The New York film community is growing. As new photographers reclaim old analog cameras, the niche form of photography remains alive. Brooklyn Film Camera, in partnership with Lomography USA, hosted its annual film photo gathering in Prospect Park.
The event perfectly captured the passion and love film photographers have for the discipline.
As always, Prospect Park was breathtaking. The bright sun and the pleasant temperature made the place more welcoming.
The green meadow was filled with people enjoying their day without caring about the world. On one side of the pitch stood an unusual flag resembling a roll of 35mm film that invited moviegoers to gather.
The crowd grew and everyone was eager to see what the picnic had to offer for the event.
This picnic hosted all kinds of film photographers whether you shoot small, medium or large. I was greeted with water and the staff running the event encouraged everyone to talk to each other.
Brooklyn Film Camera and Lomography held workshops to teach other forms of film photography, including an interesting introduction to the Wet Plate Collodion, where Colby Sadeghi demonstrated how he takes portraits using the Wet Plate Collodion method.
Workshops like these were very hands-on allowing new photographers to experiment with expert level techniques. I even had a portrait taken with a large format camera.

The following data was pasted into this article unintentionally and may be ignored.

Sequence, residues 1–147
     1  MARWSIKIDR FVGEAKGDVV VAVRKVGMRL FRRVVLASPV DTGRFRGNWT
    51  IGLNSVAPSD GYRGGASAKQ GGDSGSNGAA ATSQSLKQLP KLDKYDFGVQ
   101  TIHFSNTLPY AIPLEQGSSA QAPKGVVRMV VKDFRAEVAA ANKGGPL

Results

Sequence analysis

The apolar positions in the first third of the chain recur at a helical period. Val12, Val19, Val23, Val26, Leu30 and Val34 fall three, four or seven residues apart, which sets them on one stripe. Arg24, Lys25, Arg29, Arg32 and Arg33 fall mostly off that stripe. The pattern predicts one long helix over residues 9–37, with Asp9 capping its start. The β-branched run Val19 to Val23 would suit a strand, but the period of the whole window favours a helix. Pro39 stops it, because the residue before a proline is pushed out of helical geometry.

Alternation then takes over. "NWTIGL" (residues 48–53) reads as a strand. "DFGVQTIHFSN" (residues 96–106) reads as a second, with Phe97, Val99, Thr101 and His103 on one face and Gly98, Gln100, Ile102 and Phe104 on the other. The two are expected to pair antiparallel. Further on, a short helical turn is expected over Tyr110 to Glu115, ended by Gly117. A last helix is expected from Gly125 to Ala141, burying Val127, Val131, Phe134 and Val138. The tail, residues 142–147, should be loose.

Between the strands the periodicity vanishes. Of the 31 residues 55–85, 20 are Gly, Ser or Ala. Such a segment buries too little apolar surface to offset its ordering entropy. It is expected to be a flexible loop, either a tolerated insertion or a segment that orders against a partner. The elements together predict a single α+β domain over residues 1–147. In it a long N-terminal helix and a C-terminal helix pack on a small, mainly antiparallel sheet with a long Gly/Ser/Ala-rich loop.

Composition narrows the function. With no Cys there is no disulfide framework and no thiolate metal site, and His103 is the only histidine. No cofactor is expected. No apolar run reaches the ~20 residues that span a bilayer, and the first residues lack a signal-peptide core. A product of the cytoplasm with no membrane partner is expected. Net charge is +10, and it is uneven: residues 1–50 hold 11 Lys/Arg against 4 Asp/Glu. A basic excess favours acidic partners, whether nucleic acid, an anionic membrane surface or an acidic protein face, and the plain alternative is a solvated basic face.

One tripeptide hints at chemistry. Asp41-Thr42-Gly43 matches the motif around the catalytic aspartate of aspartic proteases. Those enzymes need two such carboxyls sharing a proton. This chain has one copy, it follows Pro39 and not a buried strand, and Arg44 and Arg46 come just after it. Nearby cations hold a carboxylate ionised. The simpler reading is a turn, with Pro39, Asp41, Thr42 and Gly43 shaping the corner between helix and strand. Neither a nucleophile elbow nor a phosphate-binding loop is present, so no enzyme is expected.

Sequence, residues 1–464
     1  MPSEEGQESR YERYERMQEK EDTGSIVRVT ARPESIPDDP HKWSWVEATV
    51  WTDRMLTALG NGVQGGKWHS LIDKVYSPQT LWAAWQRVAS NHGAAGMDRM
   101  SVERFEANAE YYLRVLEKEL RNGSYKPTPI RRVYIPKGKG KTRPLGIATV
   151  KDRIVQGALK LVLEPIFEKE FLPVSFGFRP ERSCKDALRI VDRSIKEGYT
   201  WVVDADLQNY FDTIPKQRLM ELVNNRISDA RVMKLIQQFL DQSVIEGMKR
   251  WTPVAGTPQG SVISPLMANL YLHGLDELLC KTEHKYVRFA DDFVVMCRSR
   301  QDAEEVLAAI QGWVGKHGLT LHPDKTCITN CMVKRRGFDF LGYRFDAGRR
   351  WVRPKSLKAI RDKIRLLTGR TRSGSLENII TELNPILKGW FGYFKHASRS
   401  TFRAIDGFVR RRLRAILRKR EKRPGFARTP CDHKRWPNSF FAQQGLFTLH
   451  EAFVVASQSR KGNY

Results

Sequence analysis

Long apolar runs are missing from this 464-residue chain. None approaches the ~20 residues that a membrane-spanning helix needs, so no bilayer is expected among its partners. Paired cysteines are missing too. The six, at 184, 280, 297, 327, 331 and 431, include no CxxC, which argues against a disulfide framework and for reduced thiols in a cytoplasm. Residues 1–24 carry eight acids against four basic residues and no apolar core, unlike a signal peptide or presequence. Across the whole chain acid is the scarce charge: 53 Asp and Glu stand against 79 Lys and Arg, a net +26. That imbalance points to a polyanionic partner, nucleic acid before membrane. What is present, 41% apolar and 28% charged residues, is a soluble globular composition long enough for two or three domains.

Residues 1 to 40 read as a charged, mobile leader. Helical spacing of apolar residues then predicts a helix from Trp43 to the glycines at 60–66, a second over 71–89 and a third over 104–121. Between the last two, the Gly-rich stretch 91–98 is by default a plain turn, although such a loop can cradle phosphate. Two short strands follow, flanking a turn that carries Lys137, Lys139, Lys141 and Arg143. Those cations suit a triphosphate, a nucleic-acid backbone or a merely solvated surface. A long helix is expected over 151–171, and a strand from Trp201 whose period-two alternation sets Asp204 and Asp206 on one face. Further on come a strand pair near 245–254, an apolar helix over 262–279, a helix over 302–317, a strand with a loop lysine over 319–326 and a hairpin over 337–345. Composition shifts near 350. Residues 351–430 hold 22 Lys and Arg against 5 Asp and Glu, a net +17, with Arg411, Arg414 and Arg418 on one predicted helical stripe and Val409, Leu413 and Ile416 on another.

Attendance was great and the event was incredibly welcoming to film photographers. All attendees showed up with their cameras ready to talk and shoot, and if it’s one thing movie photographers like to talk about the most, it’s their camera.
Film shooters arrived with 110, 35, 120 and even 8mm cameras. Everyone was vibrating with each other, talking about their favorite movie or Instagramming.
As a film photographer, I always talk about community inclusion. We are all trying to learn and grow. I spoke to a few movie photographers at the event who were extremely nice.
It’s not everyday that you find other people interested in this form of niche photography. It was just nice to talk to other people who enjoyed the craft that motivated me to create.
New York’s film community continues to grow each year. As photographers who refuse to see the film die, it is our responsibility to encourage each other to grow and create more, whatever format we shoot on.
It is our duty to introduce this daunting technique of capturing interested newcomers instead of gatekeeping. I believe that it is the courage of healthy competitiveness that makes this community great.